DreamWorks, however, continue to pump all of their movies with the same level of money, increasing the risk if one fails and regardless of whether said pumping is necessary. If you’ve been following along, you’ll have been keeping track of the “Budget” segment of my article pre-amble and seen that no film post-Shrek 2 has come in at under $100 million. Now, in certain cases, like with this film or the Kung Fu Panda and How To Train Your Dragon series, that’s fine, as extra detail and money helps with the world and tone and such. But for animated comedies? Did Megamind really need a $130 million budget? Despicable Me came in at $69 million and it looks way more distinctive and, arguably, better than that film did. Or, in blunt terms, is there any reasonable explanation as to why the budgets for How To Train Your Dragon 2 and Penguins of Madagascar are separated by only $13 million?
That’s as good a link as any to my next point. The budget thing is also systemic of a larger problem: DreamWorks still trying to play like it’s 2005, like they’re the only non-Disney/Pixar players on the Western feature-length animation block. However, thanks to them blowing up the Disney dominance back in the early 2000s, more and more animation studios – and, specifically, distribution studios like Universal who are now more willing to get in the game – have sprung up, creating further competition. They started poking their heads above the water tentatively in the mid-to-late 00s, when Laika would release Coraline and Blue Sky Studios – obligatory pleading to PLEASE NOT F*CK UP Peanuts – would quietly become a consistent and reliable studio, but 2010 onwards has seen them burst on through en mass.
2012, in particular, saw new efforts from recent upstarts Illumination Entertainment (The Lorax), Laika (ParaNorman), and Sony Pictures Animation (Hotel Transylvania), as well as long-timers Aardman (The Pirates!), Studio Ghibli (The Secret World of Arrietty actually opened on nearly 2,000 screens in a rare display of genuine confidence in that brand from at-the-time distributors Buena Vista), and Blue Sky (Ice Age: Continental Drift), in addition to Pixar (Brave) and a resurgent Disney (Wreck-It Ralph). When you also throw in DreamWorks’ other 2012 release (Madagascar 3), that is a crowded as hell schedule – one, relatedly, that has only gotten more crowded the further into the decade we get, which pleases me to no end – and one just cannot coast anymore. The days of DreamWorks being able to guarantee butts in seats, regardless of the quality of their films, purely because there is nothing else available have long since departed.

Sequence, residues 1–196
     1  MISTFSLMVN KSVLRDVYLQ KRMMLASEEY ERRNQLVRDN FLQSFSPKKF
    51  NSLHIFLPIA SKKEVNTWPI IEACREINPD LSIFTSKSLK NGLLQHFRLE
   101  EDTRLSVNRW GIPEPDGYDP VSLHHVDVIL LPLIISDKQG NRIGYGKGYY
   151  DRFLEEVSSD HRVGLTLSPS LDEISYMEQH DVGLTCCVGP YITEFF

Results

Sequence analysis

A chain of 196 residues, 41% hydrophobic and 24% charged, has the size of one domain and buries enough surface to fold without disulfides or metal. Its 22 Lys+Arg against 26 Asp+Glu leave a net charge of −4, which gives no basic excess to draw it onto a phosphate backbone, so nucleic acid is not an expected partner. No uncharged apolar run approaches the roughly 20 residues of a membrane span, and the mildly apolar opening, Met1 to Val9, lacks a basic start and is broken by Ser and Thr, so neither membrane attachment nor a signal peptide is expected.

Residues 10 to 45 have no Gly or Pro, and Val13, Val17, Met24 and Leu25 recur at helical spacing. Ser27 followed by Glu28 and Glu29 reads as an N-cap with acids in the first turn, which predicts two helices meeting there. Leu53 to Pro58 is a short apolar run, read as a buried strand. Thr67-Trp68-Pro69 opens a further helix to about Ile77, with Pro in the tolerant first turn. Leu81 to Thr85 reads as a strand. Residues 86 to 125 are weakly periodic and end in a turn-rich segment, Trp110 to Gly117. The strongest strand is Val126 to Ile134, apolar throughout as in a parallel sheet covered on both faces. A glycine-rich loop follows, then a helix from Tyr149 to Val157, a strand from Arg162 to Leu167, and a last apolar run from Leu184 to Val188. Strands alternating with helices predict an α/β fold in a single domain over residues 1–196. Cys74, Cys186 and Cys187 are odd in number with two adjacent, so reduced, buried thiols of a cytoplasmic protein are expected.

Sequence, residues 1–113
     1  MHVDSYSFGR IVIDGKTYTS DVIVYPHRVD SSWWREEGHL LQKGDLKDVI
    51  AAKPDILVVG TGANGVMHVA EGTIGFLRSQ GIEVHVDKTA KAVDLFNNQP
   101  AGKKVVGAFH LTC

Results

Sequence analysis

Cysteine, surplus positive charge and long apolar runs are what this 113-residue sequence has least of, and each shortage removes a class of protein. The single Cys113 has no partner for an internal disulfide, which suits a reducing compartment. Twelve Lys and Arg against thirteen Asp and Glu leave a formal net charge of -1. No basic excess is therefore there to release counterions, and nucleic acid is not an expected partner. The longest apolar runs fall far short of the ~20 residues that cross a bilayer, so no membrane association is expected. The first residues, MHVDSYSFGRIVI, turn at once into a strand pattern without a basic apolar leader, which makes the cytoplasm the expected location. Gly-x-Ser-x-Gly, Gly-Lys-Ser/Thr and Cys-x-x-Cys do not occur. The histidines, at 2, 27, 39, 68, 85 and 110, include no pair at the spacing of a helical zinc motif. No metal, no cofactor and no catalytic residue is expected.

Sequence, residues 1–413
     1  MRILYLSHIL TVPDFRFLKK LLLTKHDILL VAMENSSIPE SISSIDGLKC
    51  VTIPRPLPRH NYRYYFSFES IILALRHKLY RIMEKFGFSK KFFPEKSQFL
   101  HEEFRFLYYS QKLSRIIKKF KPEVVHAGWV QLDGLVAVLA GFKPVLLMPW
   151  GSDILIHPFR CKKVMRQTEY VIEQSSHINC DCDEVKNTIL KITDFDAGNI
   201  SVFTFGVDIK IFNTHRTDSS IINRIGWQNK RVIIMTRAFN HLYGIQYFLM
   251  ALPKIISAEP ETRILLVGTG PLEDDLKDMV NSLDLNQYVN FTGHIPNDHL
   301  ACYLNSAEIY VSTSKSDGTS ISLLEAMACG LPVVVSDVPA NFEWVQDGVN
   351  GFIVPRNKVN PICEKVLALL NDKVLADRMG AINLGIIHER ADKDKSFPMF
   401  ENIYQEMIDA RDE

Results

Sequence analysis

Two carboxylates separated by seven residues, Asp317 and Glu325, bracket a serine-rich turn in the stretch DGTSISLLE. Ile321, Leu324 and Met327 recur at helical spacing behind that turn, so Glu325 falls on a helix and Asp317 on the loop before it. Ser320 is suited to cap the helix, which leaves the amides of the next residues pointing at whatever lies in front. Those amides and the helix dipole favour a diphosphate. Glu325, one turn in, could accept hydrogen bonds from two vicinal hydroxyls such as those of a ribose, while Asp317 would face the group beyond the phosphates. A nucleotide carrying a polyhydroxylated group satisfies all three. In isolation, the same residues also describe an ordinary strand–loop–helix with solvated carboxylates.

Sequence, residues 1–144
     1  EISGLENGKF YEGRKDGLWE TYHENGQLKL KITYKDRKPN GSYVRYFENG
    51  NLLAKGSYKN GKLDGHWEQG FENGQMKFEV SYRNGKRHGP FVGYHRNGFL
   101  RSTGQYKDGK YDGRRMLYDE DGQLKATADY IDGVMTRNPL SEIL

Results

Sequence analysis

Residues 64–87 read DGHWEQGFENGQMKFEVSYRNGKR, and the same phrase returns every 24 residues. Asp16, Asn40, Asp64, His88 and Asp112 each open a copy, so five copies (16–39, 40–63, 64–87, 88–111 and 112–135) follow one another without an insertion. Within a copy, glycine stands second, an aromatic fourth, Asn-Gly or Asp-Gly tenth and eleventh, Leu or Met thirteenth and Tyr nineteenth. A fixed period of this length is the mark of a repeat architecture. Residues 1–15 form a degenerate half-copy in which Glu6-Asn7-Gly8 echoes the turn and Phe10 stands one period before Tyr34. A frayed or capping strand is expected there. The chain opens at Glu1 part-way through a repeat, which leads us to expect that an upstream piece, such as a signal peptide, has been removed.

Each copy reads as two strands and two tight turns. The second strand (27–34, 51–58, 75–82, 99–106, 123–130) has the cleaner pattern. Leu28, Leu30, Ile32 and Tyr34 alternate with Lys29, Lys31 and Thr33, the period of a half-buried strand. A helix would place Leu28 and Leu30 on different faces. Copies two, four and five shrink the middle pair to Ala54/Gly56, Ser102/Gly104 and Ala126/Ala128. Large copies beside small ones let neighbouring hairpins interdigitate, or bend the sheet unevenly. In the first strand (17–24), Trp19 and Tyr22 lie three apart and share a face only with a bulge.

Not to mention that each of these films carried with them their own unique, distinct, and marketable identity that didn’t just rely on brand recognition. The primary trailers for The Lorax hit the “From the studio that brought you Despicable Me” and “Based on the story by Dr. Seuss” buttons, but also clearly outlined the premise and the film’s bright, candy-land colour scheme and art style. Boom. Sellable. ParaNorman had that gothic horror meshed with broad comedy feel and identity front and centre, albeit with its darkest edges sanded down to make it more palatable to, for some reason, snobby stop-motion-averse mainstream audiences. Boom. Sellable. Ice Age is Ice Age and came out when literally nothing else was in cinemas, Wreck-It Ralph slapped the videogame conceit over everything, Hotel Transylvania emphasised its loudness and physical comedy.